Monday, April 27, 2015

Elder Oaks' Apostolic Visit

We did divisions this week with Hermanas Duncan and Safsten, except this time I stayed in our area. This was the first time I had ever worked in my area without Hermana Beecher. I was in charge. Hermana Safsten has been out here for 5 weeks. Imagine being newer than me and being put under my responsibility and care. And laugh and laugh and laugh like I did. Navigating between 15 sprawling barrios and making sure the pension didn't set on fire while we were gone was quite the task, even though I see Hermana Beecher do it every day. Watching it is one thing, doing it is quite another. The stress made me giddy. I was very excited to see Hermana Safsten and show her all I know. Hermana Safsten and I are good friends after this fun experience. I cooked her good food and told her to pretend like it was Chinese food and then it would taste okay in her mind. Hermana Safsten and I love each other after this experience. We found a lot of cool people during these divisions. I introduced her to Hugo and Mabel as well. 

So I've been thinking a lot about what Basilio said to me right after his baptism. He said "Ya soy un hijo de Dios---Now I'm a child of God". I knew so well what he meant when he said it in that moment, but later I thought "What DOES that actually mean, anyway?"
We go around all day everyday telling everyone they're sons and daughters of God. Why should that be any different for a baptized vs. unbaptized person? It's not different. We're all children of God. Basilio was already a son of God well before last Saturday. Yet I knew that what he said to me as he shook my hand was true. A few days ago I found the answer to this conundrum.
 Mosiah 5:7 says 
And now, because of the covenant which ye have made ye shall be called the children of Christ, his sons, and his daughters; for behold, this day he hath spiritually begotten you; for ye say that your hearts are changed through faith on his name; therefore, ye are born of him and have become his sons and his daughters. I was led to think about what Elder Christofferson said this conference about how we need to be physically born but then spiritually reborn. 

Speaking of apostles, Elder Oaks. Elder Oaks and his wife and various other important people visited us twice. Twice. I walked out of the first one feeling so content, so inspired that I could have strolled into the valley of the shadow of death and been okay about it. And then I realized I would see him AGAIN. You could say that we were double-blessed this weekend.

On Friday he came to Resistencia, where the entire mission came together to listen to him. This was the first and proably the last time I will ever see the entire Resistencia mission at the same time. I still get very excited about Resistencia, because it is the city of my dreams. When our bus got into the city and the chapel emerged out of the trees with its formal, flat facade and round-topped windows, I almost fainted. I needed to sit down. Then I realized I was already sitting down because I was in a bus. My newness made our arrival overwhelming. Getting down off a double decker bus and entering into a sea of faces and greetings and reunions between long-lost companions. Everyone was so clean and well-dressed and pulled together for the big day. It was overwhelming, like the first day of 6th grade, or a big movie premiere. I had to stop analyzing it and let the current take me.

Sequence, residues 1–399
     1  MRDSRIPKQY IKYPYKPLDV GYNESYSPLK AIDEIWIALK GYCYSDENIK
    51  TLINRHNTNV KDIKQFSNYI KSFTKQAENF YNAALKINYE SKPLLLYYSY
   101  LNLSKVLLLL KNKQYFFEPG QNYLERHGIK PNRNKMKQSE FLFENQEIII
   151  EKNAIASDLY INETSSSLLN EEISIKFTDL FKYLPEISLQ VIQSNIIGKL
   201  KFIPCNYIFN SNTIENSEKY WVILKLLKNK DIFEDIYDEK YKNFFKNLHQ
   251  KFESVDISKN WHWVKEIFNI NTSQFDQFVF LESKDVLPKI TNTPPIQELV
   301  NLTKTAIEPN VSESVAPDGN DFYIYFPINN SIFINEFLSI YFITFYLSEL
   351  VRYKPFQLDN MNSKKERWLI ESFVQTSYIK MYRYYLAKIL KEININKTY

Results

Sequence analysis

The conference went beautifully. Elder Oaks and Sister Oaks are beautiful. I didn't know what I expected from them. I didn't know what I expected to hear or feel. I just went into it and was pleasantly shocked by how real Elder and Sister Oaks are. They were only married 15 years ago, as he was previously married and his wife passed away. Kristen Oaks was single before this; she was not married until she was 55. She is a convert to the church, she served a mission in Japan, and has a doctorate in education. The playful banter between these two was positively wonderful. She would run up to the microphone to add her thoughts when Elder Oaks was talking.

The other relationship we got to witness was that between Elder Oaks and the interpreter. And just watching a consecutive interpretation situation go so well. I never thought it could go so well. Now that I know it can go so well, I know that I can be an interpreter. His name is Carlos Aguero I believe. He has interpreted for Elder Oaks before. He was so cool and collected and interpreted with such precision..... But the best part was how Elder Oaks and Bro Aguero worked as a team. After a while you just started accepting them as a single two-headed animal. Elder Oaks: "I can speak a little bit of Spanish, but I can give a better talk in English." (pause for interpretation. Then, after introducing Bro Aguero...) "I trust him." (Then he turns to him.) "If I don't give a good enough talk in English, you must make it better in Spanish!"